In another lawsuit, Kathy Uradnik, a professor of political science in Minnesota, wants out of her union because it discriminates against nonunion faculty members “by barring them from serving on any faculty search, service, or governance committee, and even bars them from joining the Faculty Senate.”
The cases, which began in 2018, have made it to the Supreme Court for consideration, but have not yet been granted a hearing.
Yet another racket involves how public sector unions collect their dues. A great majority of teachers nationwide have their union dues deducted from their monthly paycheck by the local school district in the same way that federal and state taxes are withheld. Then the school district turns the money over to the local teachers union. And we all get to pay for this service. Yes, the teachers union, a private organization, doesn’t pay a penny for the transactions. In fact, payroll deduction is de rigueur for all public employee unions. But there is some pushback now, as several states have bills to stop this larcenous practice.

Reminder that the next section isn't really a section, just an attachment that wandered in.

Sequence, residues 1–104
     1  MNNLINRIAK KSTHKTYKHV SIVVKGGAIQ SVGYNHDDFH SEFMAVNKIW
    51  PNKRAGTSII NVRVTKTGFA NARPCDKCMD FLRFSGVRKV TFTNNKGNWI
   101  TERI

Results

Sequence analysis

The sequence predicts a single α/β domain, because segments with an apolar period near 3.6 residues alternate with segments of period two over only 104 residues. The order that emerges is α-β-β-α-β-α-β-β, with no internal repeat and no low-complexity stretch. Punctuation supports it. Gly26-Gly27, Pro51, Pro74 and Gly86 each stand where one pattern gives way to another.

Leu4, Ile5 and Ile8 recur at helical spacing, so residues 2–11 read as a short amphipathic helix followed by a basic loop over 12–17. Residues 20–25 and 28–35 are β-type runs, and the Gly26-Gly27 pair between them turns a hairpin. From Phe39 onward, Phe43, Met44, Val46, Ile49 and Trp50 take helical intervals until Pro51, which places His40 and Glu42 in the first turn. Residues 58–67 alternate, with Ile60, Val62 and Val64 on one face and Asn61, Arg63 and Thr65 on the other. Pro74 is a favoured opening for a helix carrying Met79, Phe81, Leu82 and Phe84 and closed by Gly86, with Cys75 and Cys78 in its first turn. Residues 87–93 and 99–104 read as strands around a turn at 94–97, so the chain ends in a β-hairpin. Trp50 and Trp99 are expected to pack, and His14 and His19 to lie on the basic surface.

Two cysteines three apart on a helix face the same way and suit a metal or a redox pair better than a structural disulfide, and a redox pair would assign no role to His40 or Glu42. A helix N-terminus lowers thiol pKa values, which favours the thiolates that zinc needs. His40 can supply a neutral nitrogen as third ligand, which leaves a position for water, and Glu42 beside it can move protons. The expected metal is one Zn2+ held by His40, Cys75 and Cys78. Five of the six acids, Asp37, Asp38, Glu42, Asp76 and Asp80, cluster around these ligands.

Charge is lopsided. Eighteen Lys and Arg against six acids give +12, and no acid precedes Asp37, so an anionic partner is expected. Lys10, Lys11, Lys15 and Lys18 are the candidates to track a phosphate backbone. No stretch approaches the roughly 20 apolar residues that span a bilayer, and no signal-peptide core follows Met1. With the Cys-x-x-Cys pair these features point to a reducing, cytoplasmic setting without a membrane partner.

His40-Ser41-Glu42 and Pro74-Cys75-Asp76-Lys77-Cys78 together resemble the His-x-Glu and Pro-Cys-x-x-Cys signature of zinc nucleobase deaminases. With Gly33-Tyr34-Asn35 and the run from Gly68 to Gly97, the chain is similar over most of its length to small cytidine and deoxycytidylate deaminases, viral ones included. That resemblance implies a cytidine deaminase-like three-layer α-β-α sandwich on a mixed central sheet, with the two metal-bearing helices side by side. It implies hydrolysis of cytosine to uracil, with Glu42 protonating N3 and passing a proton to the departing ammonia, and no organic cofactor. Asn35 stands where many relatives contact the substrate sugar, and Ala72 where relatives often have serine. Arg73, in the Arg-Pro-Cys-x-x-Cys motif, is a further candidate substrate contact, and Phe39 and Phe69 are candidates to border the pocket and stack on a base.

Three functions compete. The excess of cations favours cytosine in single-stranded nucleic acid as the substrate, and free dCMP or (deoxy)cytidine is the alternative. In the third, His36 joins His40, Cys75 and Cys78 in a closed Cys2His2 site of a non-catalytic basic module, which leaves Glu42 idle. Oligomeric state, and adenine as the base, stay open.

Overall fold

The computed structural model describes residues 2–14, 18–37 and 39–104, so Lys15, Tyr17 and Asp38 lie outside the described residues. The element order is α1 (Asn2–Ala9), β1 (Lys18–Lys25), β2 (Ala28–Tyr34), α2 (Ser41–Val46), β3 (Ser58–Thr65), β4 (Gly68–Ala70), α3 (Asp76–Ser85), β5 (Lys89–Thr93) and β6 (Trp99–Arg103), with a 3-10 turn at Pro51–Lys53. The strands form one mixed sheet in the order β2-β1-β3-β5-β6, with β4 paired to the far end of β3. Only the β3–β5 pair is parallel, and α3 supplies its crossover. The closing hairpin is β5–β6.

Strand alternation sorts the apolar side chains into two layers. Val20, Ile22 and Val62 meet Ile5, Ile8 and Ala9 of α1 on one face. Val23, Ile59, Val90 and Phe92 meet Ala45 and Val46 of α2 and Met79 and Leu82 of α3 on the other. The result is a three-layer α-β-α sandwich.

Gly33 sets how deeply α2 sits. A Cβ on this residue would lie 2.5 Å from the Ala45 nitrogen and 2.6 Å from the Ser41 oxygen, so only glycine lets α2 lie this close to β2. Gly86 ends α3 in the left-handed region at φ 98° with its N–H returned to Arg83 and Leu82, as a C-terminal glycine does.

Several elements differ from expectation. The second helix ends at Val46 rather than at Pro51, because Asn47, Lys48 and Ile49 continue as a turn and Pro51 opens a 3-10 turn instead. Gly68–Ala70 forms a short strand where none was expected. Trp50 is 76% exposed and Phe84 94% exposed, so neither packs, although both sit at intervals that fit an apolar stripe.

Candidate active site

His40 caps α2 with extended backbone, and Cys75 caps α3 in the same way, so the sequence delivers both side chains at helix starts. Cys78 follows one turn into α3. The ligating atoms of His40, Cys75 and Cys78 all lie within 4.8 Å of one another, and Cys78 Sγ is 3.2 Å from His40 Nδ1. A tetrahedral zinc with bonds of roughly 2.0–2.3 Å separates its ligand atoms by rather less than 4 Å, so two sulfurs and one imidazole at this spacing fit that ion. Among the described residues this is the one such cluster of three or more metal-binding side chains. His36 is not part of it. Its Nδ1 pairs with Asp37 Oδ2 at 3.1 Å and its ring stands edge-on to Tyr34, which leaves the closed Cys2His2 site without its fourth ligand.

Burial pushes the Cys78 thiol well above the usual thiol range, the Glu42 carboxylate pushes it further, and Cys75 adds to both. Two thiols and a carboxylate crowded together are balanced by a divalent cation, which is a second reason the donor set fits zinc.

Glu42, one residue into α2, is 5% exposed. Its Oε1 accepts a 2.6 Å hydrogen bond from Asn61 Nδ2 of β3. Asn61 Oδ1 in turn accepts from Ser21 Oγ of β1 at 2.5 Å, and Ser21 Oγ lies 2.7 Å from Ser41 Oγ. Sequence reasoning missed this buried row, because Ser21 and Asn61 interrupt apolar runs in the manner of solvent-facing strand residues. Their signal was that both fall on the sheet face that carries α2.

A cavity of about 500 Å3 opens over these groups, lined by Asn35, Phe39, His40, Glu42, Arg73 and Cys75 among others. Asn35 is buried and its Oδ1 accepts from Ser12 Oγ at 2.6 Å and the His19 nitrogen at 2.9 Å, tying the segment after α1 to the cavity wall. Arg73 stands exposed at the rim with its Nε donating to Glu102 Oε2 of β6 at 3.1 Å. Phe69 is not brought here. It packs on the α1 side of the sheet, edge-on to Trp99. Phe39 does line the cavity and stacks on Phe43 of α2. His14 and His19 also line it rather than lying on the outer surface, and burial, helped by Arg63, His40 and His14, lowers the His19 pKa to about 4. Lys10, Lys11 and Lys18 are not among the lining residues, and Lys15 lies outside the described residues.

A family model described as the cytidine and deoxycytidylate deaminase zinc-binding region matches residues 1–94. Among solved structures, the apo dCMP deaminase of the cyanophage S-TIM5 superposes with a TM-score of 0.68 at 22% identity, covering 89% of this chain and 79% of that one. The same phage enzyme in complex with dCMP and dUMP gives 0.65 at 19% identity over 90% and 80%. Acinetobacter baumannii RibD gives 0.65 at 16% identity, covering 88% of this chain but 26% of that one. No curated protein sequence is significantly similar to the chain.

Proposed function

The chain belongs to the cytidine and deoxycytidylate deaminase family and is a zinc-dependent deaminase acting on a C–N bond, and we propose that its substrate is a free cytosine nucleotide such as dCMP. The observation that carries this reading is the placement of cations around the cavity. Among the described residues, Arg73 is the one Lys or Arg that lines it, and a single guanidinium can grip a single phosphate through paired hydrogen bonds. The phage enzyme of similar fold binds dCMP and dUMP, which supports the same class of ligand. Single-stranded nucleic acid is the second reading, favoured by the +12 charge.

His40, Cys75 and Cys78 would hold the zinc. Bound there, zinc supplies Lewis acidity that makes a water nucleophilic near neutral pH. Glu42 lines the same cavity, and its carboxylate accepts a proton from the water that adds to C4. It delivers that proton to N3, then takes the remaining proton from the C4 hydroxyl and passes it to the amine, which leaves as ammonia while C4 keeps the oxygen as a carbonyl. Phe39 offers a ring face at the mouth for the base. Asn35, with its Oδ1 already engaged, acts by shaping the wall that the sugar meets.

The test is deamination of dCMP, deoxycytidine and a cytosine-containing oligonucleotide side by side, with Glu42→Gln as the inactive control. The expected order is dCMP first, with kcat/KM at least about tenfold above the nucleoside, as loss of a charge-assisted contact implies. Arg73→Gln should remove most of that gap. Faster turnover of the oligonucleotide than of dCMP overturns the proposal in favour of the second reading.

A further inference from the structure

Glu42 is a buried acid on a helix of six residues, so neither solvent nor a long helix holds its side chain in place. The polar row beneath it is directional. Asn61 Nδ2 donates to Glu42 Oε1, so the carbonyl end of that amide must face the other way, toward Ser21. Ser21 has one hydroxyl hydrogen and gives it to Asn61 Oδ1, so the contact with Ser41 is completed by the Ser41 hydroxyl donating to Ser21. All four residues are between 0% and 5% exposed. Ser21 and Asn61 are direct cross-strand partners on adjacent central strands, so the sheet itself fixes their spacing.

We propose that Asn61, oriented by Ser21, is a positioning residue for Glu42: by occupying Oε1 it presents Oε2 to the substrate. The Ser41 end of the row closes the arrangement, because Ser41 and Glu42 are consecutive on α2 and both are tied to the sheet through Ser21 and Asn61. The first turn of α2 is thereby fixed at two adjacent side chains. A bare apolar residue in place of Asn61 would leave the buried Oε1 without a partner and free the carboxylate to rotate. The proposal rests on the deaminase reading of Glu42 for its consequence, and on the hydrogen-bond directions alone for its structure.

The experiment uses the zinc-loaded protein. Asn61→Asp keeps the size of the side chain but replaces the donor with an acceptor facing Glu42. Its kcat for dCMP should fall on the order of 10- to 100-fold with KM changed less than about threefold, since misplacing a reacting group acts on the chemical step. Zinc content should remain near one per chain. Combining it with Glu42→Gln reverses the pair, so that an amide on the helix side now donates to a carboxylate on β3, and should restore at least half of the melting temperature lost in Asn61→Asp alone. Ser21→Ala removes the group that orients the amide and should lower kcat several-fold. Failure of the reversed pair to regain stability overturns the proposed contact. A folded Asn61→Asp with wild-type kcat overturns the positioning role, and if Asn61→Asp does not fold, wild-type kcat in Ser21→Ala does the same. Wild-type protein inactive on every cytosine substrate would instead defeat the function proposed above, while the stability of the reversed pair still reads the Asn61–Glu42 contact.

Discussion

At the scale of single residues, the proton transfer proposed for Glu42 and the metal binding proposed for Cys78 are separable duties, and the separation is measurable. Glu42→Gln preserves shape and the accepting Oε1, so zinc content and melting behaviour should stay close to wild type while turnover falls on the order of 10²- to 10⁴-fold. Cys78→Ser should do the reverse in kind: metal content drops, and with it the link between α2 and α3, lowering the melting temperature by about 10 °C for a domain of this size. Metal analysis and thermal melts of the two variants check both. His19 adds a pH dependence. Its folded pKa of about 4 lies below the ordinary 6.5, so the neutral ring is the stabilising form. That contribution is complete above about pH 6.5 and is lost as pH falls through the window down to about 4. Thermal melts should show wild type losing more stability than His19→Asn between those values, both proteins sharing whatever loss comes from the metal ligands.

The Tennessee House of Representatives recently approved SB 281, a bill that would increase teachers’ base salaries and, at the same time, remove the payroll deduction option for union dues.
In Florida, HB 1445 states that the bargaining agent for public employees “may not have its dues and uniform assessments deducted and collected by the employer from the salaries of those employees in the unit.”
In Kentucky, SB 7 reads: “A public employer shall not deduct from the wages, earnings, or compensation of any public employee for . . . any dues, fees, assessments, or other charges to be held for, transferred to, or paid over to a labor organization.”
And in Arkansas, SB 473 is now law. It states: “A school district board of directors or representatives of a school district board of directors shall not deduct dues, fees, or contributions from the pay of a teacher or classified employee on behalf of any professional or labor organization or political fund.”